What is the FDIC?
The Federal Deposit Insurance Corporation provides deposit insurance, which guarantees the safety of deposits in member banks, currently up to $250,000 per depositor per bank. Since the start of FDIC insurance on January 1, 1934, no depositor has lost a single cent of insured funds because of a failure.
What is FDIC Insurance?
FDIC insurance protects you from losses if your bank goes sour. When you keep money in an FDIC insured account, you won’t lose your money if the bank fails. But, FDIC insurance is not unlimited. You can increase the FDIC insurance coverage available to you by using multiple banks.
How can I check whether my deposits are insured by FDIC?
The FDIC insures deposits in most, but not all banks. Deposits in separate branches of an insured bank are not separately insured. Deposits in one insured bank are insured separately from deposits in another insured bank. EDIE lets consumers and bankers know, on a per-bank basis, how the insurance rules and limits apply to a depositor’s specific group of deposit accounts—what’s insured and what portion, if any, exceeds coverage limits at that bank.
If I have more than $250,000 at one insured bank, can I still be fully covered?
You may qualify for more than $250,000 in coverage at one insured bank if you own deposit accounts in different ownership categories.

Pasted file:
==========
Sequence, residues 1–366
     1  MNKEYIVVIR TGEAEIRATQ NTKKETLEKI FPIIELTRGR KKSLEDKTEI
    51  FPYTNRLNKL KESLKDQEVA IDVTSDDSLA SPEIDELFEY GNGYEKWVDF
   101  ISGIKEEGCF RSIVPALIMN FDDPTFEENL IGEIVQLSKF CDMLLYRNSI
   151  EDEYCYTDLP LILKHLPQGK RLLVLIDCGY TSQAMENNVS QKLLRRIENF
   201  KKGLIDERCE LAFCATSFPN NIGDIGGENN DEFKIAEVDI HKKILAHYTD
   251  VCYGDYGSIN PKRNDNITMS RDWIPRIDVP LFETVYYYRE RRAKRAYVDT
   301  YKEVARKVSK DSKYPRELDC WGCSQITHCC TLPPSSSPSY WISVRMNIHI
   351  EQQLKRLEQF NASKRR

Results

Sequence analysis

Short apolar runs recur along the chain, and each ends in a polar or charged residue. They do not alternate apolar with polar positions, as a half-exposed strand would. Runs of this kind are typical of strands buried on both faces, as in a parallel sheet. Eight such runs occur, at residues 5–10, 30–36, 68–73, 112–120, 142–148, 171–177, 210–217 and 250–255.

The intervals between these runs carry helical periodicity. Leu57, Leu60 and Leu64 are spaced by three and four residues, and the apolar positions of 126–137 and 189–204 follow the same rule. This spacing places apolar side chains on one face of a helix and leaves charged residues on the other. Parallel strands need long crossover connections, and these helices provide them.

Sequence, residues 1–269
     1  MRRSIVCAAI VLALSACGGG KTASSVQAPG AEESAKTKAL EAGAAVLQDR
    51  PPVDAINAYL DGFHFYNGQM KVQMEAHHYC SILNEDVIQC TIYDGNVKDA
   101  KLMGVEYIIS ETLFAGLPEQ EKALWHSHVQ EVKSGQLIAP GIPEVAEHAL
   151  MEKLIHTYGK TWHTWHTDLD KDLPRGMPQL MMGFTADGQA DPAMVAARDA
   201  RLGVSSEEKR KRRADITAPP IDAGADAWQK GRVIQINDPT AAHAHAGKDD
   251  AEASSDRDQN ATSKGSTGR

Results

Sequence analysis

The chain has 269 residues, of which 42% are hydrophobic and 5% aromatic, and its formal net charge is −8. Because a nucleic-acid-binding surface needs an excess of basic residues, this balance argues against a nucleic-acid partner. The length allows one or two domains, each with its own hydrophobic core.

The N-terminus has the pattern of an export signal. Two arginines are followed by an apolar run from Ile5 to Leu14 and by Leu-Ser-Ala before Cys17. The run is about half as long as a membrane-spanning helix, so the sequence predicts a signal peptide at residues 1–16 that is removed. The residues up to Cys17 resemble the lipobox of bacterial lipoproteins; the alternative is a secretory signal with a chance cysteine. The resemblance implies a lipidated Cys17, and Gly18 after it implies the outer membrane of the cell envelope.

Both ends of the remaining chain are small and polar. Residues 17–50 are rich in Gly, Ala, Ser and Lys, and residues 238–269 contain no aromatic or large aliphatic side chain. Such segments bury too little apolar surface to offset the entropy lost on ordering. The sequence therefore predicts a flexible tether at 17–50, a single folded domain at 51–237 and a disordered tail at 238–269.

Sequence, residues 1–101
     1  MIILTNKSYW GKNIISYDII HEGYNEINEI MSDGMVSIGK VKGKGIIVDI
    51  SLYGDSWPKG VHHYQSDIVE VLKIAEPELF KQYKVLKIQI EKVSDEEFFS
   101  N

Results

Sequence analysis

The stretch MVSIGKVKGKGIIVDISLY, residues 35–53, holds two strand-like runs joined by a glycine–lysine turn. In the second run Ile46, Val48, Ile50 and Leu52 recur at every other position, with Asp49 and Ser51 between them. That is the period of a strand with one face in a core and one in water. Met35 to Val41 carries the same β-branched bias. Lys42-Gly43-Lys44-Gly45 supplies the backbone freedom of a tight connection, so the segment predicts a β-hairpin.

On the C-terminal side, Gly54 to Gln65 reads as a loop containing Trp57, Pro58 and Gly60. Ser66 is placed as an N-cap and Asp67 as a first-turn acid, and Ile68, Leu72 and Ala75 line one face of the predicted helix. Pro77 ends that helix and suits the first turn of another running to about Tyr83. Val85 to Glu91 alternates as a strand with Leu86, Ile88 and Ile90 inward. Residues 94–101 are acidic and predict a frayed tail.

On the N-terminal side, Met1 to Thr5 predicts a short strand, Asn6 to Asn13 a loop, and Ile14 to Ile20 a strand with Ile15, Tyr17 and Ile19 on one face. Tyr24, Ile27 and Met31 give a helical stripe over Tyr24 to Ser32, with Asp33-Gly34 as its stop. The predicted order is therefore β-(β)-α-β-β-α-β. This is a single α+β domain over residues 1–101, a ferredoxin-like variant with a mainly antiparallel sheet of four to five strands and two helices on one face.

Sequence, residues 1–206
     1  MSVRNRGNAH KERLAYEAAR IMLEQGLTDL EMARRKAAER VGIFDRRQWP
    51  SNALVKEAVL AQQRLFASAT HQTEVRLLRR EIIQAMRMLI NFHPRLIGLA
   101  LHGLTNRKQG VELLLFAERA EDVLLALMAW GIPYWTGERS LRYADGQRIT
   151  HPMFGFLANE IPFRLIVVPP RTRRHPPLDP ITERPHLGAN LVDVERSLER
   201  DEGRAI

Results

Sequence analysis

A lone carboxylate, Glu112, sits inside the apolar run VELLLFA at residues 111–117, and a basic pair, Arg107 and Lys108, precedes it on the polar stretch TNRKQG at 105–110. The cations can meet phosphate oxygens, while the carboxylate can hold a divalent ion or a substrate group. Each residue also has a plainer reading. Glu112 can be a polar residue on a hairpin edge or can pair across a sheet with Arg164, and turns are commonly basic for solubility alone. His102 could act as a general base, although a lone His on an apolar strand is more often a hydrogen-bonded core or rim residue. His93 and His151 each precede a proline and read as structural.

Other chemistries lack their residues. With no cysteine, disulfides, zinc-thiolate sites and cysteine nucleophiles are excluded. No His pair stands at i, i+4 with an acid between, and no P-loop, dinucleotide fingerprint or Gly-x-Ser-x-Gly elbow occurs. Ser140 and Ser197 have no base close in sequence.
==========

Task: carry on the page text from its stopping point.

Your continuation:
- Single Account – This account is owned by one person and titled in that person’s name only, with no beneficiaries.
- Joint account – This account is owned by two or more people and titled jointly in the co-owners’ names only, with no beneficiaries. If all co-owners have equal rights to withdraw money from a joint account, a co-owner’s shares of all joint accounts at the same insured bank are added together and the total is insured up to $250,000. If a couple has a joint checking account and a joint savings account at the same insured bank, each co-owner’s shares of the two accounts are added together and insured up to $250,000 per owner, providing up to $500,000 in coverage for the couple’s joint accounts.
- Revocable Trust Account– This account is held as a Payable on Death (POD), In Trust For Account (ITF), or it’s established in the name of a formal revocable trust. POD and ITF Accounts are the most common form of revocable trust deposits. These informal revocable trusts are created when the account owner signs an agreement stating that the deposits will be payable to one or more beneficiaries upon the owner’s death
- Revocable Trust Deposits with Five or Fewer Beneficiaries Each owner’s share of deposits is insured up to $250,000 for each beneficiary, i.e., $250,000 times the number of different beneficiaries.
- Revocable Trust Deposits with Six or More Beneficiaries – Determining coverage for living trust accounts that have six or more beneficiaries can be complicated. Contact the FDIC at (877) 275-3342 if you need assistance in determining this coverage.